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Our Churches Need a Sense of Purpose
Churches are much like people: They need purpose. The United Church's move to unionization reflects a professional quandary concerning purpose.


I have followed with interest the debate over whether United Church clergy should join the Canadian Auto Workers union. The fact that some ministers are dissatisfied with their working conditions does not come as a surprise. As a United Church minister myself, I have heard my colleagues expressing deep frustration for years.

Most Evangelical churches, though they have conflicts and crises, are clear about their purpose …

As I see it, the unionization issue is a minor symptom of a larger problem: The mainline Christian denominations, including my church, are unsure what their mission is for the 21st century. For decades we have been a "civi-lizing" influence on society and the state. But many other groups with little or no faith connection are now performing that role. As our expensive buildings age and we continue to enjoy tax-free status, we must ask ourselves:

"What is our mission in the communities and the global village we serve?

When someone comes to me complaining of anxiety and a lack of fulfillment in their life, my first questions are not about income or job benefits. I know nuns and priests who run soup kitchens and encounter life disasters every night that I can barely imagine. Their salaries are low, but they know that what they do matters. Churches are much like people: They need purpose.

Most Evangelical churches, though they have conflicts and crises, are clear about their purpose: to save people from damnation, to give them the joy of Christ in their lives.

But in mainline churches, we are not fundamentalists. Some of us clergy think our role is to be a chaplain to a social club, some of us think we are social workers, some think we are teachers, some think we are revolutionaries and same of us just don't know. The move to unionization reflects this professional ennui.

The churches we serve are even more conflicted. They want to grow, but why? To restore our forebears' legacy? To civilize the state or the masses? To be a bright beacon shining on a hill? To show others the way?

The lack of a clear mission has real consequences to the covenantal relationship between clergy and congregations. When attendance falls, when volunteers are tired because no one will replace them, when ministers with seven years' university education are paid less than all other professionals, when churches are forced to merge or close, then the clergy blame listless laypeople, who blame incompetent clergy. Dwindling numbers in the pews wouldn't matter if the congregation felt it was making a meaningful difference to the community and to each other. Volunteers would find the time; clergy would take night jobs and serve the parish by day; churches could merge or meet in school gyms or living rooms.

Instead, churches draw up complex job descriptions. They are looking for a Messiah to do it all. Clergy become disillusioned and look for chaplain positions or staff jobs at outreach ministries, where the mission is much more clear.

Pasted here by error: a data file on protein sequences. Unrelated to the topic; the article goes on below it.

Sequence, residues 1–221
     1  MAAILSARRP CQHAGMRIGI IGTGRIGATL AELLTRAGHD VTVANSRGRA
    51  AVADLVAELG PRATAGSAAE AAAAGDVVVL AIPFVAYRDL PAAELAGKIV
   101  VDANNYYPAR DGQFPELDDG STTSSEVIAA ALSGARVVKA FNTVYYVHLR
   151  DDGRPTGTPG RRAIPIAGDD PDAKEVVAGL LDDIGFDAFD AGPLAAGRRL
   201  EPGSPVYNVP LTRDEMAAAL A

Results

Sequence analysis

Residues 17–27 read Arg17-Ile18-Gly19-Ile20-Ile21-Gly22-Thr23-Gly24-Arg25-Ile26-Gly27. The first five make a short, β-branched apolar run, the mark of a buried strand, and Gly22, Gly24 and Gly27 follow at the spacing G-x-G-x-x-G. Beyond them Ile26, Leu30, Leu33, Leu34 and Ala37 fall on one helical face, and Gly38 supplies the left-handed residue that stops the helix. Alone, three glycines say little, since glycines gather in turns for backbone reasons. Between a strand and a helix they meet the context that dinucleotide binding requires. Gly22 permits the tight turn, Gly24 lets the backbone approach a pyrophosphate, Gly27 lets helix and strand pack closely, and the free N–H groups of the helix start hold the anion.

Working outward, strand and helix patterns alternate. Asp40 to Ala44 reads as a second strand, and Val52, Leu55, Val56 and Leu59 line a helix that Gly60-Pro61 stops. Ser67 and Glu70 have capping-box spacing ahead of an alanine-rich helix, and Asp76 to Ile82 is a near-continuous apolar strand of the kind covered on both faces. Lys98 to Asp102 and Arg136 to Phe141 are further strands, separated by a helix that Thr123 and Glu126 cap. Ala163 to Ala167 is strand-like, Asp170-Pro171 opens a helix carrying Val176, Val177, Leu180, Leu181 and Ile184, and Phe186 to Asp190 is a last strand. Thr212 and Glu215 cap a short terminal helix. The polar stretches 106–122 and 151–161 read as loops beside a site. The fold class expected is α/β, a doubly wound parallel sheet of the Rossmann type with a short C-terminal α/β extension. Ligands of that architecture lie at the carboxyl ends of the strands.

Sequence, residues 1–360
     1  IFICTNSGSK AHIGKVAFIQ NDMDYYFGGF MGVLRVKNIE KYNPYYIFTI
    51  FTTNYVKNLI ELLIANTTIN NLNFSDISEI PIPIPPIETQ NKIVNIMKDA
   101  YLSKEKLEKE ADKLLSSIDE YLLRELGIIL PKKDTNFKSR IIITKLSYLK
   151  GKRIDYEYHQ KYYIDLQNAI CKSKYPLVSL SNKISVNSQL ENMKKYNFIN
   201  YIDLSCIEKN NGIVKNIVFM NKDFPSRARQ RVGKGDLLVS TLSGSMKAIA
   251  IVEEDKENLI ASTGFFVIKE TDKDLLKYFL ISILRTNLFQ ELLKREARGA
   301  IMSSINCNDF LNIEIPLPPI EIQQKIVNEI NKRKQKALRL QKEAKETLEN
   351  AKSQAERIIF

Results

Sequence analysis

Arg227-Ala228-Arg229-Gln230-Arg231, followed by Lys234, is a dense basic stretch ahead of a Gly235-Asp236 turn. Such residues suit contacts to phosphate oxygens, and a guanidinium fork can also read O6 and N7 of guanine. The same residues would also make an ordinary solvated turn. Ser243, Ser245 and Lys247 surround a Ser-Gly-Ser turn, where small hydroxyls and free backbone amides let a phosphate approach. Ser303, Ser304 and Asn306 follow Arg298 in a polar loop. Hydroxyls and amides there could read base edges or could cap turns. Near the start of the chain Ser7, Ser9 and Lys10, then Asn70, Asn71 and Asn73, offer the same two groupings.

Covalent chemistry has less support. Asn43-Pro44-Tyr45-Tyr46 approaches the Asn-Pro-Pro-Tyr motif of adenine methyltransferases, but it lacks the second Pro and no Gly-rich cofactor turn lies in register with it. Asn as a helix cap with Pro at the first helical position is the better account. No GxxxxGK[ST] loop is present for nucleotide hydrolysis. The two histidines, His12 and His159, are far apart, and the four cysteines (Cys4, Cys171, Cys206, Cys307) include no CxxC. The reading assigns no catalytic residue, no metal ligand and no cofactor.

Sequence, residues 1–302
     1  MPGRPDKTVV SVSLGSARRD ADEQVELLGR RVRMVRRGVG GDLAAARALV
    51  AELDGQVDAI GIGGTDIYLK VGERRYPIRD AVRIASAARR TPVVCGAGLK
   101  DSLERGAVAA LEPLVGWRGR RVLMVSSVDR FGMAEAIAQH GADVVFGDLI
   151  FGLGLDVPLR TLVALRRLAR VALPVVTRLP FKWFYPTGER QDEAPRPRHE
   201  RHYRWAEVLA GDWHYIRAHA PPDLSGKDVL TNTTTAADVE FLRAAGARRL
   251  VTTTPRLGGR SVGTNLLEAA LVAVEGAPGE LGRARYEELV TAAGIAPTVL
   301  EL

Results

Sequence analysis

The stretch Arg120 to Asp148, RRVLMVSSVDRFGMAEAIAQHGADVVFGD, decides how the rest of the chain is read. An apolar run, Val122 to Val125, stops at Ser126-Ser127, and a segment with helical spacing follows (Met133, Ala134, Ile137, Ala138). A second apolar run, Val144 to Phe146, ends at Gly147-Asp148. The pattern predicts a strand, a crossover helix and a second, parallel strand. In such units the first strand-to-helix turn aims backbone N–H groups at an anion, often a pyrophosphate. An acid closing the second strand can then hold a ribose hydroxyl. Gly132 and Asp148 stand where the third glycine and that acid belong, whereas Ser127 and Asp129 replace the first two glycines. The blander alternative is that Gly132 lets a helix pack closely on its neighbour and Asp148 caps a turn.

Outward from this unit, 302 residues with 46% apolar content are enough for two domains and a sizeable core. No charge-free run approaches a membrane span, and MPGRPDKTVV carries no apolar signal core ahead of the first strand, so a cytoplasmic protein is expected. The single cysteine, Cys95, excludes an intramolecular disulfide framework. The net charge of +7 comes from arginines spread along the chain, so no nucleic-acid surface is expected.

The church is the very place in our consumerist, individualistic and narcissistic culture where the search for meaning can have real consequences, where Jesus can speak to us.

Consider, for instance, the Church of the Saviour (CoS), started in Washington, D.C. This is a unique movement in which mainline believers dare to live their radical discipleship to Jesus without worrying about consequences. Buildings don't matter, nor does liturgy; the goal is not to fill the church for its own sake.

The Church of the Saviour is a worthy model for other mainline denominations. To become a member, one must complete a rigorous two-year education program in five fields: Old Testament, New Testament, doctrine, ethics and Christian growth. In contrast, I was confirmed at 13, but I can't recall a thing the minister and my class talked about. At CoS, new members serve an internship in a mission group, usually in an inner city. Community discipline includes tithing (which is almost unheard of in the United Church), keeping a personal journal, reporting weekly to the group's spiritual director, fasting and renewing one's covenant annually.

Mission cannot be an after-thought …

Still, the United Church has a rich history of social activism—on the equality of women, medicare, refugees, gays and lesbians and care for those with HIV/AIDS. If every denomination had such courage, the Body of Christ would be a bolder and more dynamic force to be reckoned with. The missing link is the connection between our hungry spirits and the nourishing work of Jesus in our midst. Mission cannot be an after-thought to a deeper and more profound encounter with the Divine. This encounter must come to permeate every aspect of the church; our Bible studies, our prayer, our worship celebrations.

Unionizing the clergy will not help this painful, yet re-energizing transformation; it is an irrelevant distraction.

Kevin Little is a United Church minister serving in Ottawa.

Originally published in the National Post, December 4, 2004.

 

 
 
 
 

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